Is Offering Immunity from Prosecution the Only Way to Solve Some Crimes?
Verkaik, Robert, The Independent (London, England)
The big question
Why are we asking this now?
Police investigating the murder of 11-year-old Rhys Jones in Liverpool encountered a wall of silence. For months, the investigation stalled as officers tried to persuade people to come forward to say what they knew. In the end, a 17-year-old member of the gang responsible for killing Rhys agreed to become an informant and key prosecution witness referred to in court as Boy X. The Crown Prosecution Service (CPS) was originally going to charge him with firearms offences. Instead, it offered him immunity from prosecution provided he met conditions including a requirement to attend court and give a truthful account. He accepted those terms and entered into an immunity agreement. Soon after this, the CPS decided there was sufficient evidence to charge Sean Mercer with murder.
Why don't police force witnesses to help them convict criminals?
Police officers can arrest people for obstructing their inquiries, withholding information or perverting the course of justice. But this will not necessarily help in getting a witness to testify in court. Faced with the prospect of being identified as an informant, many witnesses choose to remain silent. They know that defendants, in the course of the pre-trial process, will be told the names of witnesses giving evidence against them. Once the name is out, it may be easy for a suspect to intimidate a witness. Cases sometimes collapse after a chief witness changes their mind in mid- trial and refuses to testify. The prosecution may be convinced that the witness has been "nobbled" - but the law prevents the jury being told of their suspicions.
So what are the alternatives?
It is a principle in English law that those who turn Queen's evidence may escape prosecution or be given lenient sentences. Boy X was originally a suspect in the murder inquiry but, in a deal brokered by the police and the Crown Prosecution Service, he was granted immunity from prosecution. Witnesses who refuse to give evidence because they fear for their own safety can also benefit from promises of protection offered by the CPS. Protection schemes are run by different police forces. In extreme cases, vulnerable witnesses can be moved to new addresses and given new identities. For some this protection can last for a lifetime. In the Rhys Jones case, Boy X will start a new life away from the Liverpool suburb of Croxteth in which the convicted gang members and their families live.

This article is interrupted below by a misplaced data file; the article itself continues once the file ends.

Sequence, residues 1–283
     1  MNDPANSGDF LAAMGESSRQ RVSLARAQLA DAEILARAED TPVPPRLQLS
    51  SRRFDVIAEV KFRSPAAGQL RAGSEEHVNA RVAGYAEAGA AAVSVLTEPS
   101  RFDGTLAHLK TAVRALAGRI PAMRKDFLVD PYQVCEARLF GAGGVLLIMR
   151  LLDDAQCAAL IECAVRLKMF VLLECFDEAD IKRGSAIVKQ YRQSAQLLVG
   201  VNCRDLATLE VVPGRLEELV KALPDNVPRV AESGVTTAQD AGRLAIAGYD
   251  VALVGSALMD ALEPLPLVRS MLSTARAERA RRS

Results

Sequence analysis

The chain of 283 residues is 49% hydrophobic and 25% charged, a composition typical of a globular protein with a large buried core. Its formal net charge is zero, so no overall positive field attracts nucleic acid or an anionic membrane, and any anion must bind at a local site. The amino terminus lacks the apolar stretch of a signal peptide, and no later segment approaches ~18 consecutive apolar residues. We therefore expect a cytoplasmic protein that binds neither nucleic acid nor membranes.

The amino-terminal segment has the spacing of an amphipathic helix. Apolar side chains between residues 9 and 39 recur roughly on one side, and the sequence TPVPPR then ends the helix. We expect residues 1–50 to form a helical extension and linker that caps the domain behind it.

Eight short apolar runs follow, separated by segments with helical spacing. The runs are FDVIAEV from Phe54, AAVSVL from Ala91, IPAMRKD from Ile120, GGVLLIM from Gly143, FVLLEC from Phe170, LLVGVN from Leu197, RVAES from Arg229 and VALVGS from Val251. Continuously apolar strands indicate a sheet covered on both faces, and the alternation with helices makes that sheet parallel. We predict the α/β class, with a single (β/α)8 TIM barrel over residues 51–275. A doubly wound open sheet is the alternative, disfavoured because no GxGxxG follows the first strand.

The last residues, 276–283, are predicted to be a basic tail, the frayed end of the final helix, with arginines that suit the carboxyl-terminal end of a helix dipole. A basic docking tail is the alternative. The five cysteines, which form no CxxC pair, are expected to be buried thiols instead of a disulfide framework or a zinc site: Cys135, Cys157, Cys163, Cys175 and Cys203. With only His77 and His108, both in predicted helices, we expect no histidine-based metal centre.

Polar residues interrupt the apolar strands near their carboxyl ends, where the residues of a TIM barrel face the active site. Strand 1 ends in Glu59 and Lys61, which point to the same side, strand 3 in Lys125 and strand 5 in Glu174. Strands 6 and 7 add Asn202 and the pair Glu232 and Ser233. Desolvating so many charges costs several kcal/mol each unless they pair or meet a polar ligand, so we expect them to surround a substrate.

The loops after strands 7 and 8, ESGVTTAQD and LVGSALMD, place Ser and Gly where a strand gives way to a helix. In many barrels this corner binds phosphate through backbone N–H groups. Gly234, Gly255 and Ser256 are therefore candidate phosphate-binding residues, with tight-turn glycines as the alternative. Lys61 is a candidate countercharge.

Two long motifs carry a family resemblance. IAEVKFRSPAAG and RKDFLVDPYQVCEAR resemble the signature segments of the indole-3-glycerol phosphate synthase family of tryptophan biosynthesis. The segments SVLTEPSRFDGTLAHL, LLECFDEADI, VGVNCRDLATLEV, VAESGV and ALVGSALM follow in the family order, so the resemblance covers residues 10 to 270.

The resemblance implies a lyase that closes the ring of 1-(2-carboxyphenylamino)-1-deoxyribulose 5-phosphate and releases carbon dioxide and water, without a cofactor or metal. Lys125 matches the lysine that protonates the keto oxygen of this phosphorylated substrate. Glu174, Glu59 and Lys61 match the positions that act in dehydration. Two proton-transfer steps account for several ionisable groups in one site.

Do other countries do the same?
America and Italy have led the way in immunity and witness protection programmes. In the US, prosecutors have relied since 1970 on the Organised Crime Control Act to help fight the Mob. The law has origins in the 1871 Civil Rights Act designed to protect people testifying against Ku Klux Klan members. In Italy, similar deals are offered to Mafia informants.
How successful is this in practice in Britain?
Cases in which witnesses are given protection often end in convictions. Juries tend to be impressed by people who perform a public duty in the face of threats to their safety and so give their evidence due weight. But a recent House of Lords ruling made it clear that the practice of offering anonymity to witnesses had become far too widespread and deprived defendants of their right to know who their accusers were. The police and CPS have had to revise the offer of anonymity in the light of this ruling.
Who has previously taken part in the scheme?
Danielle Cable has been a protected witness since 1998, when she helped to identity a known underworld boss, Kenneth Noye, as the man responsible for stabbing to death her boyfriend, Stephen Cameron, in a road-rage incident on the M25 at Swanley, Kent. In a rare interview about her life, she told how she had had to virtually cease communicating with her family and friends. …